The Justice and Development Party (AK Party) and the Nationalist Movement Party (MHP) previously submitted to Parliament a proposal indicating that local elections should be held on Oct. 27, 2013, instead of on March 29, 2014, as previously scheduled due to the inclement weather conditions frequent at that time of year.
Gülay Göktürk says this is a tough situation because even if a referendum takes place, the preparation required to hold one takes a long time, so there will be no point in deciding to hold the elections on Oct. 27, 2013.
However, Göktürk thinks the complex situation we are in today is the fault of all the parliamentary deputies. The aim of politics is to solve problems, not to create new ones. But, as a matter of fact, what the deputies have done in this issue is nothing short of turning an easy problem into a more complex one. What was it that they could not agree on? The AK Party wanted the votes to be cast on Oct. 27, while the Republican People’s Party (CHP) wanted to see the elections on Nov. 3, 2013. Now, they are about to make millions of people vote in a referendum because of a disagreement over the difference of a week. The CHP claims that the proposed date of Oct. 27 comes two days before Republic Day, celebrated on Oct. 29, and so people might want to go on vacation rather than vote in a referendum at that time. Of course this is nonsense, but would it kill the AK Party to accept the CHP’s proposal just for the sake of solving the problem? There are far more important issues in Turkey that could go to a referendum. When there are such critical issues to discuss, it is nonsensical to ask the public to go to a referendum and to spend a lot of money merely for a disagreement on scheduling. Now, it is up to the president to fix this by returning the bill to Parliament, Göktürk thinks.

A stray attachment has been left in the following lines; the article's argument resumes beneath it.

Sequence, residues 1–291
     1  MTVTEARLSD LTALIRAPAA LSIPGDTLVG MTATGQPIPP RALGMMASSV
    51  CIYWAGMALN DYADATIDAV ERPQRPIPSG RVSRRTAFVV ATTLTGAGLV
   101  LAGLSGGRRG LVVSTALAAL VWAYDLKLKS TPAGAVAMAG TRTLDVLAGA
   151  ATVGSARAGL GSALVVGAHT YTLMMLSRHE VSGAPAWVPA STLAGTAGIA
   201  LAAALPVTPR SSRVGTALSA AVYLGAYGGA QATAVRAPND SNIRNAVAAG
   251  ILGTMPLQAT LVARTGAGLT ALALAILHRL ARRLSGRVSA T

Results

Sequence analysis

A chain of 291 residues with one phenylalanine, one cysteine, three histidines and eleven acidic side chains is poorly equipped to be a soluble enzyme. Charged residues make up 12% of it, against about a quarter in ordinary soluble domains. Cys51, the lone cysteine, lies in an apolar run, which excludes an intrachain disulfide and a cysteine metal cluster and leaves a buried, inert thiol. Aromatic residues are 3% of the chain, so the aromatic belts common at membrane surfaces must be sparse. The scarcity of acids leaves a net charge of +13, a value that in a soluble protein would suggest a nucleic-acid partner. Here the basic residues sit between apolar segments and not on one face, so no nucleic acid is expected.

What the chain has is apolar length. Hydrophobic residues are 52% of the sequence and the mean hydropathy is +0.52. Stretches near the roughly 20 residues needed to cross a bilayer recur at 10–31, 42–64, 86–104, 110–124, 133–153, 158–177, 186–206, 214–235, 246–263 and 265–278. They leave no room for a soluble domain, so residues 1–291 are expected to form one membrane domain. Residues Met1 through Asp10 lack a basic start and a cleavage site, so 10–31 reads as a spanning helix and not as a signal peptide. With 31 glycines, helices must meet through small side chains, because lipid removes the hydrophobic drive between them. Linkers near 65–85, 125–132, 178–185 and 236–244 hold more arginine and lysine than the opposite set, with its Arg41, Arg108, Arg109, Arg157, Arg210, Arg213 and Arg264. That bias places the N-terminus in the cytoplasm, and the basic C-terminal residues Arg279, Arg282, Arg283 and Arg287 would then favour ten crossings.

Taha Akyol of the Hürriyet daily says the possibility of going to a referendum to change the date of an election is representative of a greater problem; it is a reflection of the conflicting nature of our political culture. It is possible to criticize the CHP for not supporting a reasonable proposal, but the fact that our politics has become so polarized that agreement on the most reasonable of issues is almost impossible is the realization we should draw from this incident, he concludes.